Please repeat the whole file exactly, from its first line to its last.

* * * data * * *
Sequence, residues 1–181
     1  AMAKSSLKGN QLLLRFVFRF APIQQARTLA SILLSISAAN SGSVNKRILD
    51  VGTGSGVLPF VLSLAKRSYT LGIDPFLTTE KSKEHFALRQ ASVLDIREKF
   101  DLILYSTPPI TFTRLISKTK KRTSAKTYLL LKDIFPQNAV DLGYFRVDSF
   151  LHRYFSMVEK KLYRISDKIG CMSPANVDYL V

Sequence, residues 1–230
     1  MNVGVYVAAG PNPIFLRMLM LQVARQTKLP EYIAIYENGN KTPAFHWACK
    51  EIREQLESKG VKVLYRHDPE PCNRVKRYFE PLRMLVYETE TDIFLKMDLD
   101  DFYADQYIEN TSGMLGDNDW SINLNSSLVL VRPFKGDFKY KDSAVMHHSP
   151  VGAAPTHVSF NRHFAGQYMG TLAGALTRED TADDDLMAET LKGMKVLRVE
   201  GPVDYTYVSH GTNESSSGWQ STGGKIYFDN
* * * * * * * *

Sequence, residues 1–181
     1  AMAKSSLKGN QLLLRFVFRF APIQQARTLA SILLSISAAN SGSVNKRILD
    51  VGTGSGVLPF VLSLAKRSYT LGIDPFLTTE KSKEHFALRQ ASVLDIREKF
   101  DLILYSTPPI TFTRLISKTK KRTSAKTYLL LKDIFPQNAV DLGYFRVDSF
   151  LHRYFSMVEK KLYRISDKIG CMSPANVDYL V

Sequence, residues 1–230
     1  MNVGVYVAAG PNPIFLRMLM LQVARQTKLP EYIAIYENGN KTPAFHWACK
    51  EIREQLESKG VKVLYRHDPE PCNRVKRYFE PLRMLVYETE TDIFLKMDLD
   101  DFYADQYIEN TSGMLGDNDW SINLNSSLVL VRPFKGDFKY KDSAVMHHSP
   151  VGAAPTHVSF NRHFAGQYMG TLAGALTRED TADDDLMAET LKGMKVLRVE
   201  GPVDYTYVSH GTNESSSGWQ STGGKIYFDN